COUNCILS AROUND AUSTRALIA have today been called to help protect their communities from worsening bushfires by the Climate Council’s Cities Power Partnership.

 

Over 65 local and state government representatives, academics and community groups met in Katoomba, New South Wales, to develop new approaches to longer, more intense bushfire seasons fuelled by climate change at a forum hosted by the Cities Power Partnership.

Attendees such as Huon Valley Council, Tasmania and Blue Mountains City Council, New South Wales are all familiar with the intensifying threat that has devastated their local communities.

Tim McNaught, Director, Office of Bushfire Risk Management, Western Australia said that local governments can and should play a role in helping residents to understand the growing bushfire risks that come with Australia’s rapidly changing climate.

“In my experience, it is councils like Shire of Manjimup and Shire of Jerramungup, that have strong relationships with state land management, emergency services agencies and local volunteer bushfire brigades that are best able to effectively communicate this risk to their communities.

“These close relationships also give way to collaborative strategies to mitigate bushfire risk both from a preparedness and prevention perspective, right through to bushfire response,” said McNaught.  

The Cities Power Partnership, Australia’s largest local government climate alliance, has called on local councils to adopt recommendations to support communities to understand and prepare for longer, more dangerous bushfire seasons, including:

  • Educating communities on the increased bushfire risk so they can make informed decisions about purchasing, building and renovating their homes in fire danger zones.
  • Rigorously enforcing local laws on maintaining fire-breaks, low vegetation and property clearing.
  • Using bushfire risk maps to inform planning permission decisions.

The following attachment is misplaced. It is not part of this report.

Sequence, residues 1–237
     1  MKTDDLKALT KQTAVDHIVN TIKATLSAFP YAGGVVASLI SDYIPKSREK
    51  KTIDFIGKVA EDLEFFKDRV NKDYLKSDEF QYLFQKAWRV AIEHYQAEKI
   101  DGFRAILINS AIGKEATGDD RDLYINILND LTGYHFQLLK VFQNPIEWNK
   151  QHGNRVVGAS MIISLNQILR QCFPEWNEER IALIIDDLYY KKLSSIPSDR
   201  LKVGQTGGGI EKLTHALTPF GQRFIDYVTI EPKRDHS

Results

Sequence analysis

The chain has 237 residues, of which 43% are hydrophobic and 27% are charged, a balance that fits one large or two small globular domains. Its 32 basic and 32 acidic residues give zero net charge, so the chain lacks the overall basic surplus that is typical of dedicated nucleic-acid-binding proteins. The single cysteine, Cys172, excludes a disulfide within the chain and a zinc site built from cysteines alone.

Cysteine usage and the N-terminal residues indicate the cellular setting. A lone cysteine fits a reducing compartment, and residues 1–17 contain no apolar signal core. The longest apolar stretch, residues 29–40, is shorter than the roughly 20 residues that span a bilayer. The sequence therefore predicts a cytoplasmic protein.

Former NSW Fire & Rescue Commissioner and Climate Councillor Greg Mullins, highlighted the importance of all councils working with fire services to identify areas of high bushfire risk, and managing that risk through planned burning, slashing or mulching.

Increasing bushfire threat means that there is an urgent need for more collaboration between fire authorities, landowners, land managers, planning authorities, local councils and communities,” said Mullins.

Climate Councillor and ecologist Professor Lesley Hughes warned local governments that bushfire seasons are only set to get longer and more dangerous unless urgent action is taken to tackle climate change.

“Intensifying climate change is driving Australia’s escalating bushfire threat, creating longer and more dangerous fire seasons than ever before and 2018 was no exception across New South Wales, Queensland, Victoria and Tasmania.

“It’s imperative that all levels of government commit to swift and meaningful action to drive down Australia’s greenhouse gas emissions to reduce the climate impacts that put our community at risk of more frequent and intense bushfires.”

COUNCILS TAKING PART
New South Wales

Bega Valley Shire Council
Blacktown City Council
Blue Mountains City Council
Central Coast Council

City of Canterbury-Bankstown
Hawkesbury City Council

Hornsby Shire Council

Ku-Ring-Gai Council

Lake Macquarie City Council

North Sydney Council

Port Macquarie-Hastings Council

City of Ryde

Wingecarribee Shire

Victoria
Strathbogie Shire Council

Tasmania
Huon Valley Council

For more information contact Victoria Fratin, Media Advisor on 0487 003 872 or [email protected]

About the Cities Power Partnership

The Cities Power Partnership is a free national program created by the Climate Council that celebrates and accelerates the pollution reduction and clean energy successes of Australia in towns and cities.

Local governments who join the partnership pledge to take 5 key actions across renewable energy, energy efficiency, sustainable transport and working together.

Website: Cities Power Partnership

Twitter: @CPP_Au 

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